SINÉAD COMES HOME TO SOUTH WICK­LOW

AC­TION! RE­PORTER DAVID MEDCALF SPOKE TO AN AUGHRIM WOMAN WHO HAS DI­RECTED AND WRIT­TEN A BEAU­TI­FULLY MADE SHORT FILM CALLED ‘HOME­COM­ING’, WHICH IS SET IN FA­MIL­IAR COUN­TRY­SIDE

Bray People - - INTERVIEW -

AUGHRIM na­tive Sinead O’Lough­lin is ar­tis­ti­cally in­clined. Of that there is no doubt, though it is hard to find the cor­rect pi­geon-hole for this multi-tal­ented lady.

In a re­cent ver­sion of her CV, she de­scribed her­self as a writer, the­atre maker and drama fa­cil­i­ta­tor. Now the ti­tle ‘movie maker’ may be added to the list.

She has spent the last few weeks busily putting the edit­ing touches to a short film called ‘Home­com­ing’, which is sure to en­gage all who have the op­por­tu­nity to see it.

Now that she lives in the Dublin vil­lage of Chapeli­zod, the pro­duc­tion proved a gen­uine home­com­ing for her as it was largely shot in and around the south Wick­low coun­try­side where she grew up.

Once the fi­nal cut is ready and two days’ work on lo­ca­tion are re­duced to 10 or 11 in­tense min­utes, then it will be pre­miered by the county coun­cil, which backed the project.

Af­ter that, it will be screened a fes­ti­vals around the world, giv­ing au­di­ences far and wide a view of the hilly green fields around Aughrim. They are sure to be en­chanted.

Sinéad first had an inkling that she might be cre­atively in­clined when she was a school­girl at­tend­ing St Mary’s Se­condary School in Ark­low. The daugh­ter of Mary and Wil­lie O’Lough­lin got the stage bug in first year.

She played the part of a Munchkin in the school pro­duc­tion of ‘Wizard of Oz’, which starred Denise Bren­nan, who went on to make her mark on the pro­fes­sional stage.

Sinéad later hung around Gorey Lit­tle The­atre as a teenager and kept her cre­ative op­tions open in her choice of col­lege.

She headed for Dún Laoghaire and a course of me­dia and cul­tural stud­ies. With a tal­ent for writ­ing, she had it half in mind to be­come a jour­nal­ist but grad­u­ally steered her ca­reer into less fran­tic wa­ter.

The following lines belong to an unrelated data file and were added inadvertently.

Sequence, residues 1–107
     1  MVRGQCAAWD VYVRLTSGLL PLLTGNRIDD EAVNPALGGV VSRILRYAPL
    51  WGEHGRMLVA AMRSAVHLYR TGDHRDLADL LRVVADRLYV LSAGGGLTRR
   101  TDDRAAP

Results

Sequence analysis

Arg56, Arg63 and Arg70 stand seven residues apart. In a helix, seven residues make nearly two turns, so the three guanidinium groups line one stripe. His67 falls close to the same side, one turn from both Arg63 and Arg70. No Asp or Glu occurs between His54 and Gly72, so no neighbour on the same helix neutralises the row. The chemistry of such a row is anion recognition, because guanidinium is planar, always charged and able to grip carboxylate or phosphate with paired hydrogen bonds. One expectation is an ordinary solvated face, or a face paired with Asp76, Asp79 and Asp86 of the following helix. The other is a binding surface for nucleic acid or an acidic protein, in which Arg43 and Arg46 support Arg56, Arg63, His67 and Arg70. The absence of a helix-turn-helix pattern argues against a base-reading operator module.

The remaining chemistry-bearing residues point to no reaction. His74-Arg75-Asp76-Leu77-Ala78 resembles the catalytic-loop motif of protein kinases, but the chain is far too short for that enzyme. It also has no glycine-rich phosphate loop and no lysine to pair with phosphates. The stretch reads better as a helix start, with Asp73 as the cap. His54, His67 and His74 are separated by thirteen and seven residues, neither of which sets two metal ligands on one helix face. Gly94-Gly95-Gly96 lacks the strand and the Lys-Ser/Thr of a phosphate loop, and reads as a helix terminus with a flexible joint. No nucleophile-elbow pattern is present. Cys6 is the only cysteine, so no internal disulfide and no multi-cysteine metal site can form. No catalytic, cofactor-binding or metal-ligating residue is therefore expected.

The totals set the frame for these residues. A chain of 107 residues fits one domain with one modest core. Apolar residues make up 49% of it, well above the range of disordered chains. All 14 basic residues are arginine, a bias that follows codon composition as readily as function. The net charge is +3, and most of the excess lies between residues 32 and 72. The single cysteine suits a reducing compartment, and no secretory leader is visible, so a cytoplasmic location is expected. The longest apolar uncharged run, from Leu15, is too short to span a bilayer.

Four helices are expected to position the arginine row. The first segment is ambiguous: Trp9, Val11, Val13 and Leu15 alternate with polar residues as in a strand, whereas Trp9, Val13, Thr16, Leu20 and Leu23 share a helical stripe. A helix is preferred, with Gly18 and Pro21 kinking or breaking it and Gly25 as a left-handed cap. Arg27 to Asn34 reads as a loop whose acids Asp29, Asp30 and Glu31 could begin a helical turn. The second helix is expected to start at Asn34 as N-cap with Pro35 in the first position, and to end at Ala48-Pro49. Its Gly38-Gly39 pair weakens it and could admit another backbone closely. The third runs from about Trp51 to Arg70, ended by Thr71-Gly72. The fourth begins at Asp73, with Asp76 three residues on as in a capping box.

The cul­tural stud­ies de­part­ment in Dún Laoghaire was not im­me­di­ately aligned with the col­lege’s film school, tend­ing to pro­duce critics rather than cre­ators.

‘Our course was very good but we were talk­ing about films rather than mak­ing them and I wished it was more prac­ti­cal,’ Sinéad re­calls.

She tried to bridge the gap by join­ing the col­lege drama so­ci­ety but there was no im­me­di­ate move into the arts on grad­u­a­tion as she spent a year back on cam­pus work­ing as stu­dent wel­fare of­fi­cer.

She then shook off the dust of Dublin by head­ing for Van­cou­ver on the far side of Canada where some of the same urges rose to the sur­face dur­ing her time off from tem­po­rary em­ploy­ment wait­ress­ing or work­ing in of­fices.

She ap­peared with a lo­cal the­atre group in a mur­der mys­tery and took a screen­writ­ing course, re­turn­ing to Ire­land keen to build on that ex­pe­ri­ence.

But back in Ire­land as a 23-year-old, she landed a job in the more hum­drum sur­round­ings of Hack­ett’s book­mak­ers in Dublin be­fore the call of the arts lured her west­wards.

She en­rolled on an en­rich­ing year long course of the­atre stud­ies at NUI Gal­way, where this time she steered away from the re­view­ing and in­stead rolled up her sleeves for real act­ing.

The regime in Gal­way also al­lowed her scope to write for the the­atre, in­vent­ing a play which was ac­cepted by the pro­mot­ers of a one-act fes­ti­val.

In or­der to see it safely on to the stage, she ended up di­rect­ing ‘Wake’ her­self for the Gal­way Youth The­atre. The mem­ory is a happy one: ‘It was the first time that I wrote some­thing and it was re­ally ex­cit­ing.’

She re­mem­bers the re­al­ity of the per­for­mance at the Flat Lake Fes­ti­val with her col­lab­o­ra­tor Mary El­iz­a­beth Burke Kennedy. ‘We were so broke that we shared a pint of Guin­ness in the pub af­ter­wards.’

The sub­ject mat­ter of ‘Wake’ was the sui­cide of a young man and, though plans to bring it to Elec­tric Pic­nic never quite be­came a re­al­ity, the work turned out to have a last­ing im­pact on the new play­wright.

Sinéad con­fesses that she has been tin­ker­ing with it ever since – a full-length ver­sion lies in a drawer some­where – and that the char­ac­ters of what was essen­tially aca­demic home­work have come again to life in ‘Home­com­ing’.

‘I write but I stop and start – it’s a con­fi­dence thing,’ she muses, glad that the film has al­lowed her to bring the long run­ning piece to a de­cent con­clu­sion eight years on.

In the in­ter­ven­ing years, she made her­self busy on the arts scene in Dublin, with­out quite hav­ing the nerve to push her­self into the spotlight, pre­fer­ring to work as a pro­ducer/ ad­min­is­tra­tor with lo­cal projects in Lim­er­ick and Blan­chard­stown.

Col­lab­o­ra­tors in­cluded women in a do­mes­tic work­ers’ ac­tion group and a bunch of re­cov­er­ing for­mer drug ad­dicts – ‘amaz­ing peo­ple’ as she re­calls them.

The writ­ing bug con­tin­ued to bite along the way, no­tably with a 1,500-word piece called ‘Sun­day’ which brought her back to Dún Laoghaire for an an­thol­ogy cel­e­brat­ing the open­ing of the pub­lic li­brary there.

And the siren call of fa­mil­iar hills stimu-

Sinéad O’Lough­lin.

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